On Wednesday, the House Natural Resources Committee rejected an amendment proposed by Rep. Jared Huffman (D-CA) that would have prohibited members from carrying guns into the hearing room. Huffman argued that the amendment was necessary due to the removal of a former Democrat provision that banned guns in hearing rooms and committees. He stated that it was a “major issue of safety for members of our committee” and that members and their staff are already prohibited by law from carrying guns into the hearing rooms and conference rooms of the Capitol.
Boebert pulls up this poster and says “looks my colleague forget his tin foil hat so I brought this to remind” pic.twitter.com/UPbdQCXFlb
— Haley Talbot (@haleytalbotnbc) February 1, 2023
Rep. Lauren Boebert (R-CO), who said she would carry a gun into the Capitol, argued against the amendment, calling it a “political stunt” and claiming that it was stripping members of their constitutional right to defend themselves. She also stated that on the day of the January 6 Capitol breach, she was “disarmed, not unarmed” since she was not allowed to possess her firearm.
When Rep. Alexandria Ocasio-Cortez (D-NY) asked the committee members whether any of them intended to bring firearms into the hearing room going forward, Rep. Tom McClintock (R-CA) asked them whether they had “reason to believe there’s a homicidal maniac amongst us.” Ocasio-Cortez responded by saying that she questioned the competence of some members.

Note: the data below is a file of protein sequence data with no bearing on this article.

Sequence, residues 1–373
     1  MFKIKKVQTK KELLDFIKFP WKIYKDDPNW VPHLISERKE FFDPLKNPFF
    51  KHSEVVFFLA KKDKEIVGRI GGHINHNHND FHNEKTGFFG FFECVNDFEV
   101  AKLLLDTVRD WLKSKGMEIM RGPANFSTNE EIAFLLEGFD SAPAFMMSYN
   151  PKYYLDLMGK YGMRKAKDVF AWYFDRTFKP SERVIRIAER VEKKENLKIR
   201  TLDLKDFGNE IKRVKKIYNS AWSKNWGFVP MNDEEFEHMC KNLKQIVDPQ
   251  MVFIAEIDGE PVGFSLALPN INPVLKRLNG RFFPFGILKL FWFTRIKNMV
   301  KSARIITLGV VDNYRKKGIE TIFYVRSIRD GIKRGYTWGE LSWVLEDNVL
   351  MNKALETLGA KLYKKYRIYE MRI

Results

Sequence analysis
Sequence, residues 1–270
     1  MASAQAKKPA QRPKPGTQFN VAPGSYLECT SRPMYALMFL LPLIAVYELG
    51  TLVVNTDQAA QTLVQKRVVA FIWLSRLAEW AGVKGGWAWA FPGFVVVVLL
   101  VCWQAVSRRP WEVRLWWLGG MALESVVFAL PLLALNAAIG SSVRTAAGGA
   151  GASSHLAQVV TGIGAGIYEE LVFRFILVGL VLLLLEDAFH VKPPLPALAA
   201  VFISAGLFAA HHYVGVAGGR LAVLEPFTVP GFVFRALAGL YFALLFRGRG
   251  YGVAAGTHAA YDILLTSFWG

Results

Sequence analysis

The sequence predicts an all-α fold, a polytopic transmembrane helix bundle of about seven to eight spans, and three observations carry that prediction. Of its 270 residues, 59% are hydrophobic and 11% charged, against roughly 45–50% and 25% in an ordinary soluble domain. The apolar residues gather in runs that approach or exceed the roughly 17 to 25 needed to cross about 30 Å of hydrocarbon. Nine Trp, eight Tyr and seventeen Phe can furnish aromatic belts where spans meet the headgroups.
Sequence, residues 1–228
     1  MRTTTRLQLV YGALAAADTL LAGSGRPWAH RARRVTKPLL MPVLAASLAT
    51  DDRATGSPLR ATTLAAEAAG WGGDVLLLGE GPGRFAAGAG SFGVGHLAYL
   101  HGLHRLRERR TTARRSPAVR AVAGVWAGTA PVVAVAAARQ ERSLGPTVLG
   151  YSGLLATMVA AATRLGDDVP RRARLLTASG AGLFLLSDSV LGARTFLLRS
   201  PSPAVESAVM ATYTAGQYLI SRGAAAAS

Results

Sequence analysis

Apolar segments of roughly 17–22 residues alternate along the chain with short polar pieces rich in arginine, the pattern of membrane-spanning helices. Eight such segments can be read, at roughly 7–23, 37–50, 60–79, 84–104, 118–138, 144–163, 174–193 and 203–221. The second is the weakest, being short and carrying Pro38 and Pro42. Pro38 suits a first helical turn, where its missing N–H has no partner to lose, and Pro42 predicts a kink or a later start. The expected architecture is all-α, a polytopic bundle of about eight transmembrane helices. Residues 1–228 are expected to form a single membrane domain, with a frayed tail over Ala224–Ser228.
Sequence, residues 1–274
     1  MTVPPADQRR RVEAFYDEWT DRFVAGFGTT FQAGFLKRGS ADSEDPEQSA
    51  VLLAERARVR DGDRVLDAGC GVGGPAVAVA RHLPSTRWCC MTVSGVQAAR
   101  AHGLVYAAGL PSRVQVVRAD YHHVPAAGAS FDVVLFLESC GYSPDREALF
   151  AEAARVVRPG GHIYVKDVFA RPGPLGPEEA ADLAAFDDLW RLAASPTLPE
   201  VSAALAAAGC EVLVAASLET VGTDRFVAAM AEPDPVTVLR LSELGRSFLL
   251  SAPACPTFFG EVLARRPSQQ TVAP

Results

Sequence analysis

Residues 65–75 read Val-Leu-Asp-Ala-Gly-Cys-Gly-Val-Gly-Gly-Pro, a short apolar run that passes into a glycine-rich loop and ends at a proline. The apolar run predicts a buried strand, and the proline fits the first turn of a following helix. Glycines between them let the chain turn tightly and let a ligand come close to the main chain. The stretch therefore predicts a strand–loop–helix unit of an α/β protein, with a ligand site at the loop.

The debate over gun control in Congress has been ongoing for years, and this amendment is just one example of the divide between Democrats and Republicans on this issue. While Democrats argue that guns should be banned in order to ensure safety, Republicans argue that it is their constitutional right to defend themselves with firearms. This amendment was ultimately shot down by the House Natural Resources Committee, but the debate is sure to continue as both sides stand firm in their beliefs.
The safety of members of Congress is of utmost importance, and this amendment was proposed in an effort to ensure that safety. While the amendment was not passed, it is clear that both parties are passionate about their beliefs and will continue to fight for what they believe is right. It is up to Congress to find a way to come together and reach a compromise on this issue in order to ensure the safety of all members of Congress.
The preceding article is a summary of an article that originally appeared on Conservative Institute